Second, the Marxist emphasis on economic relations is inadequate to the task of producing a diverse commons. For Habermas (1991 [1962]), the public sphere comprises the sum of all communicative action to create cooperatively generated mutual understandings among people to make positive political contributions to society. The anarchist commons includes practices related to challenging straight-white-male (SWM) domination of anti-capitalist and anarchist counter-public spaces that include feminist (Fraser 1992), queer (Berlant and Warner 1998), anti-racist (Sehdev 2002), and anti-colonial (Tuhiwai Smith 1999) counter-publics.

Demonstrating the interconnectedness of issues in the anarchist commons, queer activist groups such as QTeam or Les Panthères roses engage in direct actions that critique pink dollars and consumerism in the gay village, and they are also active on issues such as Israeli Apartheid, critiquing the Israeli state’s false claim that the gay nightlife of Tel Aviv somehow compensates for their oppression of Palestinians. This solidarity is reciprocal. As Stéphanie mentioned,

I do see it as important for directly-affected people to self-organize. I do think solidarity is needed, but not only solidarity, like, from people who aren’t affected towards people who are affected, but solidarity amongst all kinds of different people that are fighting all kinds of different oppressions, right. So queer people are oppressed, Palestinians in Gaza are getting bombed so it’s good solidarity to have a pink bloc at the Gaza demo, right. So it’s not just non-Gazans have privilege and Gazans, Palestinians don’t so therefore – like I think when solidarity is one way, it’s pretty tenuous.

To take a second example, Ste-Émilie Skillshare provides a queer and trans inclusive space for artistic production and hanging out, which is also explicitly anti-racist and anti-colonial. Instead of economic determinism, the anarchist commons derives from the principle of solidarity with those directly affected by an issue, challenging the hierarchy of oppression that considers economic oppression first.

A third question to consider is the liberal assumption inherent in the notion of egalitarianism. Caffentzis and Federici (2013: 94) caution against constructing the commons around a homogenous privileged group; they are concerned that participation be open to all, through ‘access’ and ‘egalitarian decision-making’, key principles in an anarchist commons. They overlook potential challenges, however, in creating a commons within a diverse and structurally unequal society. Micro-aggressions, cultural differences, and structural inequities (for instance requiring a time commitment that only the privileged can fulfill, requiring people to speak the dominant language, etc.) can close the doors of a commons to specific groups despite a stated commitment to egalitarianism. This often happens in activist spaces, as was widely discussed by the Occupy movement (cf. Farrow, 2011; Doyle, 2011). While anarchist groups are also plagued by similar dynamics, many profeminist groups and collectives have developed practices to challenge this, as we have shown here. The anarchist commons thus does not presume egalitarianism, but actively fosters relationships of equality based on profeminist anti-oppression practices, horizontal organizing, and prefigurative politics (Breton et al., 2012), which can create and bring together a diverse range of interconnected counter-hegemonic publics.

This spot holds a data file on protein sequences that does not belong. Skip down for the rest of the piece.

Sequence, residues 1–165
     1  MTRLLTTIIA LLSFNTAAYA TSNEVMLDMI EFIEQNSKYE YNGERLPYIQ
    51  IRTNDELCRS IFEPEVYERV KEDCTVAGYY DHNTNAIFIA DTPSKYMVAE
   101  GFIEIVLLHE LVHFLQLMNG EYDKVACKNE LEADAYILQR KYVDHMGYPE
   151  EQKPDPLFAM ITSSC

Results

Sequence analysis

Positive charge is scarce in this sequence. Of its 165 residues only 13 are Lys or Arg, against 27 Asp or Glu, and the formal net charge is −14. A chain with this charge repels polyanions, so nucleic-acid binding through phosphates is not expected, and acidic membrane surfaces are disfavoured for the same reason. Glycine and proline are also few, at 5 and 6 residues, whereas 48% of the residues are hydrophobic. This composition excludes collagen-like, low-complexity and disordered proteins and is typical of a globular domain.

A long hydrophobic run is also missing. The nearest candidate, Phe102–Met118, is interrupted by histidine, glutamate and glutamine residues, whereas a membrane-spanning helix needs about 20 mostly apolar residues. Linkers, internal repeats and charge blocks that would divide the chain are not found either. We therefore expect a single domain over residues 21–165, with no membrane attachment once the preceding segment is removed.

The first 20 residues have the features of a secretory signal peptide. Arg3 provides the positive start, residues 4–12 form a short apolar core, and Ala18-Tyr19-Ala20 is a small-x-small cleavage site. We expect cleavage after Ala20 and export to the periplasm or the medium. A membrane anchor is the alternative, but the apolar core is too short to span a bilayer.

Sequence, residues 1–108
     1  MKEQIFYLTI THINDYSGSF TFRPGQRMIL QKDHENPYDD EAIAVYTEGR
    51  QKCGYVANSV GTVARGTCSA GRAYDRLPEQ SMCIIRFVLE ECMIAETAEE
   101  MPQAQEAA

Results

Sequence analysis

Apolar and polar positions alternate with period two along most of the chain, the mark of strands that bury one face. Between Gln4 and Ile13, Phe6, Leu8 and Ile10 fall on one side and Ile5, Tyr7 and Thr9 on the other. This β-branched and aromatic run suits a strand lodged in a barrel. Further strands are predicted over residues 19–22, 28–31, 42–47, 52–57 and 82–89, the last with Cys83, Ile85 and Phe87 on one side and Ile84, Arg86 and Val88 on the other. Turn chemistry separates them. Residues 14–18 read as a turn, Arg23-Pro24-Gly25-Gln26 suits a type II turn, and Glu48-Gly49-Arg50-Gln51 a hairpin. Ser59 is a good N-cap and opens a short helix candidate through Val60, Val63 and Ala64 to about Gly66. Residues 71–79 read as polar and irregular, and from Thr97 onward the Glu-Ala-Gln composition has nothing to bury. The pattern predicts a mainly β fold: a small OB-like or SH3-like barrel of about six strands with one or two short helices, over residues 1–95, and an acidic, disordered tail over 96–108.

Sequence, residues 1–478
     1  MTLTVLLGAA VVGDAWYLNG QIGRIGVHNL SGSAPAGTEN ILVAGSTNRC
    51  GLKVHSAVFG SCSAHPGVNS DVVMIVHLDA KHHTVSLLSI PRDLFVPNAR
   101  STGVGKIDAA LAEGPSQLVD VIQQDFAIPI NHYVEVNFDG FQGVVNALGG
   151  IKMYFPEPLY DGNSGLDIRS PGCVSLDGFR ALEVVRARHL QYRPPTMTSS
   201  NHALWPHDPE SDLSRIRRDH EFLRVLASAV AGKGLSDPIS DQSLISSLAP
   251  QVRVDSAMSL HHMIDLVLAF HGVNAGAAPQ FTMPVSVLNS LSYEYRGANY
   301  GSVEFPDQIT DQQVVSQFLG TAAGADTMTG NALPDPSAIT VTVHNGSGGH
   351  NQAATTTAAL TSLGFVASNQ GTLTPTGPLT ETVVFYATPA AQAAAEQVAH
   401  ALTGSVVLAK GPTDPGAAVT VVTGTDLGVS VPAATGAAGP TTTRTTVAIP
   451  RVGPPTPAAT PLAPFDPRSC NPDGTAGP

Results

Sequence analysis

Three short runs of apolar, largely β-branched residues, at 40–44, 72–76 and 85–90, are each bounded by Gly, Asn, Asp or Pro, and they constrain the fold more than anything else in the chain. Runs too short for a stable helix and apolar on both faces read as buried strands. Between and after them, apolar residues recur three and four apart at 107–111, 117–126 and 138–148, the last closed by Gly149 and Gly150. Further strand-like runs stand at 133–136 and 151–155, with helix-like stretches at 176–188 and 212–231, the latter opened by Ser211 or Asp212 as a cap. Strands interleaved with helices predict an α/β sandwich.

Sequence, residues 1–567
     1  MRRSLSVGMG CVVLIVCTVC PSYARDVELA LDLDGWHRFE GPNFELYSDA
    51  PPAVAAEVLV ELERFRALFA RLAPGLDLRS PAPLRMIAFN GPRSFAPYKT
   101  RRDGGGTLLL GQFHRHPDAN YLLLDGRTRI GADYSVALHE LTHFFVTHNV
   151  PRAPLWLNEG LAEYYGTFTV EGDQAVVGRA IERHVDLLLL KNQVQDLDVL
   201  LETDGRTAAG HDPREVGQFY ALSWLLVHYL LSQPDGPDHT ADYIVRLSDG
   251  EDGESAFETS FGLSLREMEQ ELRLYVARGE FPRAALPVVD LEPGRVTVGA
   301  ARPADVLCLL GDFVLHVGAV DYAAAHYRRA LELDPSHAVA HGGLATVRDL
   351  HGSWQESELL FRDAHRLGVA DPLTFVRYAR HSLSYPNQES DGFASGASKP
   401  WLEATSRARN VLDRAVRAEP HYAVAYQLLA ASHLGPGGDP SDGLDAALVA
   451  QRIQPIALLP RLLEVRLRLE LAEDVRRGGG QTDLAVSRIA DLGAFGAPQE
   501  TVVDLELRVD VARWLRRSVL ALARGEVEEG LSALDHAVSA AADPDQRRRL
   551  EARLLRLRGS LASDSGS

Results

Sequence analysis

A large proportion of anti-authoritarian organizing in Montreal is done by women, queer and/or trans people and/or people of colour. There may be SWM-dominated anarchist groups, however, the anarchist milieu in Montreal cannot be reduced to these groups. As Lucie observed,

You would come into any meeting in Montreal and be like ‘wow there’s lots of folks of colour here’ which is true. Most of the anti-capitalist organizing that I’ve been involved with there’ve been lots of folks of colour involved. I think that it’s a very particular – I would say that most people of colour that you meet who are at these meetings are highly educated.

This research reveals the depth and breadth of anti-authoritarian organizing along anti-racist, anti-colonial, queer and/or feminist lines, allowing us to extend our understanding of what counts as anti-authoritarian activism and to challenge the invisibilization of these forms of activism within the anarchist movement.